After a devastating Game 1 defeat, the Cavaliers were overwhelmed by the Warriors' stars in a Game 2 blowout. As the series shifts back to Cleveland, the biggest question on everyone's mind is: Will the Warriors pull off the sweep?
In the latest episode of the Open Floor podcast, Andrew Sharp and Ben Golliver check in from Cleveland to discuss the Warriors' first two wins and how the Cavaliers might respond in Games 3 and 4. Will LeBron James be able to carry his teammates to victory? Or will his supporting cast step up to lessen the load and catch the Warriors off guard?
With Game 3 tipping off Wednesday night, Sharp and Golliver examine what the Cavs will have to do to stave off the sweep. Subscribe to Open Floor on Apple Podcasts to check out the full episode and more. (This transcript has been condensed and edited for clarity).
Andrew Sharp: If the Warriors sweep, is it a mental breakdown on the Cavs' side or was it always on the table? All along, we said getting a game off the Warriors was probably the best LeBron could do. What do you see happening from here?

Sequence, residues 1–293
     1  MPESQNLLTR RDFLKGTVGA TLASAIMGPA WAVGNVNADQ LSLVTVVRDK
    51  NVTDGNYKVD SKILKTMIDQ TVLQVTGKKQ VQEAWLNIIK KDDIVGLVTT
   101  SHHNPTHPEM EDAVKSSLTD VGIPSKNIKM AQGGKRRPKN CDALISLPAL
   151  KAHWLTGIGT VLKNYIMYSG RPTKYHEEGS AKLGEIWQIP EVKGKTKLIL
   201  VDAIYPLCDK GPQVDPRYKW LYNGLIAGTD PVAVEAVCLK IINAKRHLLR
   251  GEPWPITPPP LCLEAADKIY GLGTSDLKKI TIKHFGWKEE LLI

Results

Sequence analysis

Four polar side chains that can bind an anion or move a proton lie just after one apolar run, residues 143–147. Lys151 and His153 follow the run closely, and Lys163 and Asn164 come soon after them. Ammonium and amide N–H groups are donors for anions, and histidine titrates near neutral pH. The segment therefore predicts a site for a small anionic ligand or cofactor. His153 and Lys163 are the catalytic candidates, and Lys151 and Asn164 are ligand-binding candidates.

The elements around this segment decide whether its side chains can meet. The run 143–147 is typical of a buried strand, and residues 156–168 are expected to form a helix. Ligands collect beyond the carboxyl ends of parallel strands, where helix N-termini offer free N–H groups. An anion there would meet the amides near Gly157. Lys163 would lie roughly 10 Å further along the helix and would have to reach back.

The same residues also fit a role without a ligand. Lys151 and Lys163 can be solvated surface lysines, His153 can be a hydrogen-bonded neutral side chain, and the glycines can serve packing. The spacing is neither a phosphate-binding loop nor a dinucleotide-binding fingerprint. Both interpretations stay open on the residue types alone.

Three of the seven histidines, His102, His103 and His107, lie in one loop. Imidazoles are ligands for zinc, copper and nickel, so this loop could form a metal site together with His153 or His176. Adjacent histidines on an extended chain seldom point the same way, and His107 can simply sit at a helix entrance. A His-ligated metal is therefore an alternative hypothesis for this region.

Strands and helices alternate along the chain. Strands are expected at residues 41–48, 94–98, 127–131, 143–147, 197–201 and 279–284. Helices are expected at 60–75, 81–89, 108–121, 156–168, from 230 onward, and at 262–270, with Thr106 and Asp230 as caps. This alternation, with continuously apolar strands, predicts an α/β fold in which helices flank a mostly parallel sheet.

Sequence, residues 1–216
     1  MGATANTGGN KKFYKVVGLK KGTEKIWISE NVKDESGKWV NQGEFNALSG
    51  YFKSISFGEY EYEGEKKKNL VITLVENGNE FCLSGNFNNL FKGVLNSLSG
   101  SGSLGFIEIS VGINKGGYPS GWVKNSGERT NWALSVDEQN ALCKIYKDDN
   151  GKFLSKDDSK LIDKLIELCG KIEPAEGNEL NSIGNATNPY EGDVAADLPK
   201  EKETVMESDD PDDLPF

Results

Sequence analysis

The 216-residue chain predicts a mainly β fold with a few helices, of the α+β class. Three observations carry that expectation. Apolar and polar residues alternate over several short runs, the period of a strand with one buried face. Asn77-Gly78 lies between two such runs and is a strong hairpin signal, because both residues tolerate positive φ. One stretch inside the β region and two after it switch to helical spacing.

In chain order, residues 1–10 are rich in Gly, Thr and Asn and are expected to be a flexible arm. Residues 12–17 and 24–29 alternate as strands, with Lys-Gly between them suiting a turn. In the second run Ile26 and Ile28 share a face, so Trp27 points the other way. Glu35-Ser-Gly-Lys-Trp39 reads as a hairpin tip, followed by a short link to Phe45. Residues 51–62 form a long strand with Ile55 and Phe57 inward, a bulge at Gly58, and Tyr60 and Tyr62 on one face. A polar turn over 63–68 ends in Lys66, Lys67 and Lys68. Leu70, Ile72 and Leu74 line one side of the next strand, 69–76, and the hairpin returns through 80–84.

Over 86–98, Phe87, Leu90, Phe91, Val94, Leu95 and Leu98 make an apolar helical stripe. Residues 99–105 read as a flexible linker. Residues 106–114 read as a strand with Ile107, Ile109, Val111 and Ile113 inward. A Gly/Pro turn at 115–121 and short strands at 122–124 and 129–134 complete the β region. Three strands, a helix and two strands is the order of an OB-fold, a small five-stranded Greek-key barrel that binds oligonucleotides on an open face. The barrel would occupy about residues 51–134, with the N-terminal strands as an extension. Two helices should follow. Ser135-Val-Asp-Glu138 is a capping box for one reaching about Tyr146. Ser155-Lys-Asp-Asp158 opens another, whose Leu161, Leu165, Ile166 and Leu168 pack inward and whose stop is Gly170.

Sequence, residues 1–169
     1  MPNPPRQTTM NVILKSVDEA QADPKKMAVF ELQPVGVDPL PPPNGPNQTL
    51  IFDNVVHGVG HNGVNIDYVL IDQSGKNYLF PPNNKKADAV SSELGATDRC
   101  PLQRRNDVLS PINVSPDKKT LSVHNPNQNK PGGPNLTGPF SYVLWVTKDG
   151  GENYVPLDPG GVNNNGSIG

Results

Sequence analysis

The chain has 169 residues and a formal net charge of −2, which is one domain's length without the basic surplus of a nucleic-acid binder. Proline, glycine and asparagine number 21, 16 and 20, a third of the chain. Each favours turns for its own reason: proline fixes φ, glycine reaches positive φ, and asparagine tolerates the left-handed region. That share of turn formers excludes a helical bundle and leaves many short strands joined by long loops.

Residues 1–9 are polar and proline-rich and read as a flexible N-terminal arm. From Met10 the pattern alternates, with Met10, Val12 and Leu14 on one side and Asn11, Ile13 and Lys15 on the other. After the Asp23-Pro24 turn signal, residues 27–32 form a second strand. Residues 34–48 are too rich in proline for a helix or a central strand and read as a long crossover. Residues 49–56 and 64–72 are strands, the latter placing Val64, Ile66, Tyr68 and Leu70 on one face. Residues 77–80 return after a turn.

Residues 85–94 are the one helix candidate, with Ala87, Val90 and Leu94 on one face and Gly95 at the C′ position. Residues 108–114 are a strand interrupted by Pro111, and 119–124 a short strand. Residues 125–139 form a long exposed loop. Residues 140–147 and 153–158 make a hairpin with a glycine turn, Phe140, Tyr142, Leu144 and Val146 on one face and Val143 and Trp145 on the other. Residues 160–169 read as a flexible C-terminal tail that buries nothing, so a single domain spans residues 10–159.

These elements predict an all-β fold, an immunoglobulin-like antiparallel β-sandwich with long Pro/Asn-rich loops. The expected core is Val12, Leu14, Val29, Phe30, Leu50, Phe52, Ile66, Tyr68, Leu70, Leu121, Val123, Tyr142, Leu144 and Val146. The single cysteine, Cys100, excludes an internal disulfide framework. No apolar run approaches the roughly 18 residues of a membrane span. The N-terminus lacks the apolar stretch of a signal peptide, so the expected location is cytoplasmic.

Ben Golliver: It reminds me of the last couple of years. Same situation, down 2–0 coming back to Cleveland. It’s kind of that make-or-break Game 3. If you come out and throw a big punch and everyone is hitting their three-point shots, the role players step up, Rodney Hood has his game, Kyle Korver finally gets loose, Golden State can’t quite match the urgency of Cleveland and LeBron has a 40-point triple-double…then OK. This is going to be something we’re going to talk about. If it’s going to be like last year and they just can’t quite summon that level of energy, then this is going to end pretty quickly. So to me, we’re going to know one way or the other pretty soon…